|OCZ RevoDrive PCI-Express SandForce SSD|
|Reviews - Featured Reviews: Storage|
|Written by Olin Coles|
|Wednesday, 22 September 2010|
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EVEREST Disk Benchmark
Many enthusiasts are familiar with the Lavalys EVEREST benchmark suite, but very few are aware of the Disk Benchmark tool available inside the program. The EVEREST Disk Benchmark performs linear read and write bandwidth tests on each drive, and can be configured to use file chunk sizes up to 1MB (which speeds up testing and minimizes jitter in the waveform). Because of the full sector-by-sector nature of linear testing, Benchmark Reviews endorses this method for testing SSD products, as detailed in our Solid State Drive Benchmark Performance Testing article. However, Hard Disk Drive products suffer a lower average bandwidth as the capacity draws linear read/write speed down into the inner-portion of the disk platter. EVEREST Disk Benchmark does not require a partition to be present for testing, so all of our benchmarks are completed prior to drive formatting.
Linear disk benchmarks are superior bandwidth speed tools in my opinion, because they scan from the first physical sector to the last. A side affect of many linear write-performance test tools is that the data is erased as it writes to every sector on the drive. Normally this isn't an issue, but it has been shown that partition table alignment will occasionally play a role in overall SSD performance (HDDs don't suffer this problem).
The high-performance storage products tested with EVEREST Disk Benchmark use a 1MB block size option. Read performance on the 120GB OCZ Revo PCI-E SSD measured an average 510.5 MBps with a similar maximum peak of 511.6 MBps. Linear write-to tests were next...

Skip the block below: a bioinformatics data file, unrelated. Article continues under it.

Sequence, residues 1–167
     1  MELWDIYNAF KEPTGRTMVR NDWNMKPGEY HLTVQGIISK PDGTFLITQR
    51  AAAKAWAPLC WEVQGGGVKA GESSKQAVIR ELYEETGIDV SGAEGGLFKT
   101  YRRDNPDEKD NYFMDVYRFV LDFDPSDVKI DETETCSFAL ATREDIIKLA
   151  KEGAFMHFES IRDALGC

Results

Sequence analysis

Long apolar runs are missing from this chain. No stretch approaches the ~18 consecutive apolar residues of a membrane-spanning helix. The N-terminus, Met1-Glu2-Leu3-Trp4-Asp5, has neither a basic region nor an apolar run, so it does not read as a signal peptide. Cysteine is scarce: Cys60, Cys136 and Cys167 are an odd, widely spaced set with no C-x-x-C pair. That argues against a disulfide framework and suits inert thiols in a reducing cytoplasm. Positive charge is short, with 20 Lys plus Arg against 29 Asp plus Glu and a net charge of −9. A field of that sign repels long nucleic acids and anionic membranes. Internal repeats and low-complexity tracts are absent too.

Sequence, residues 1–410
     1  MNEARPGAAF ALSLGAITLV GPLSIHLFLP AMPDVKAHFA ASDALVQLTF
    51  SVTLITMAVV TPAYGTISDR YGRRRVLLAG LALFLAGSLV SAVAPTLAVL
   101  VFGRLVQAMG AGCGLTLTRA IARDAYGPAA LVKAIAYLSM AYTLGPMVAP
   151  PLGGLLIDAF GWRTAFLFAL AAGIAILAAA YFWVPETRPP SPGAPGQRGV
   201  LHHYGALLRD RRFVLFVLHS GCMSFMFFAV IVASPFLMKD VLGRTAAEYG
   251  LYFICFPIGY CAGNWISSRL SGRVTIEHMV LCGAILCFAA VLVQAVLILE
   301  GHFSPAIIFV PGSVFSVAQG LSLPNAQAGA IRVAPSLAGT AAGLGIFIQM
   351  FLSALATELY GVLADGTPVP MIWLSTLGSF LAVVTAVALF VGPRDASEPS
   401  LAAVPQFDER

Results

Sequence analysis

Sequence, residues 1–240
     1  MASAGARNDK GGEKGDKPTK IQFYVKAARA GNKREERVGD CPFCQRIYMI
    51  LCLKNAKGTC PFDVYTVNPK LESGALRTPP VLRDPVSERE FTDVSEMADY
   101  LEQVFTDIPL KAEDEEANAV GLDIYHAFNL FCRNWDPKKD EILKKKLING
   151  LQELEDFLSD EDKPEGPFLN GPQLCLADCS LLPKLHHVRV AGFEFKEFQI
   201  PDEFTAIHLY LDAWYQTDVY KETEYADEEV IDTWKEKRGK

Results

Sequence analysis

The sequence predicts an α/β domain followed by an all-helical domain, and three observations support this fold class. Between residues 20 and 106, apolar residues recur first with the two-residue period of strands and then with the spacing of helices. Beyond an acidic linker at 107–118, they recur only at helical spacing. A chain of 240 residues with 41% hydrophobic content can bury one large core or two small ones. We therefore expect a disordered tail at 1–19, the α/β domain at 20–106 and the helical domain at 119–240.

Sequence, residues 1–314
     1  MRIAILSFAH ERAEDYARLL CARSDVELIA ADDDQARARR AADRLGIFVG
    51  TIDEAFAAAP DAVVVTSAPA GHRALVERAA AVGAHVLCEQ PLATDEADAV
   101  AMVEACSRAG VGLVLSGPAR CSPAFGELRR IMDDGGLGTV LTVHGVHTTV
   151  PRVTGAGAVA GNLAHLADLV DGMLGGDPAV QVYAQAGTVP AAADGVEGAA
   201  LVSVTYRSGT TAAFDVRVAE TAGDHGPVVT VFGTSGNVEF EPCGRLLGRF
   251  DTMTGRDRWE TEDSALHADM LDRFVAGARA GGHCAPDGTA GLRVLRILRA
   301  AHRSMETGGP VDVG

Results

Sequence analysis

The waveform chart below illustrates how well the integrated dual-SandForce SF-1200 DuraWrite buffers on the Revo SSD managed file transfers, and made linear write performance appears relatively even. This 120GB PCI-Express SSD recorded an average linear write-to speed of 422.8 MBps, with a maximum performance of 429.6 MBps.
A set of SandForce-driven SSDs in RAID-0 produced 437.7 MBps read speeds, and 470.5 MBps with larger 128KB RAID-0 stripe sizes. The OCZ Revo PCI-Express SSD was much faster at read transactions, and trailed behind in write transactions.
The chart below shows the average linear read and write bandwidth speeds for a cross-section of storage devices tested with EVEREST:
Linear tests are an important tool for comparing bandwidth speed between storage products - although HDD products suffer performance degradation over the span of their areal storage capacity. Linear bandwidth certainly benefits the Solid State Drive, since there's very little fluctuation in transfer speed. This is because Hard Disk Drive products decline in performance as the spindle reaches the inner-most sectors on the magnetic platter, away from the fast outer edge.
In the next section I share my final thoughts on the struggle between SSD and HDD technology, as well as their new hybrid counterpart, before delivering my conclusion and final product rating.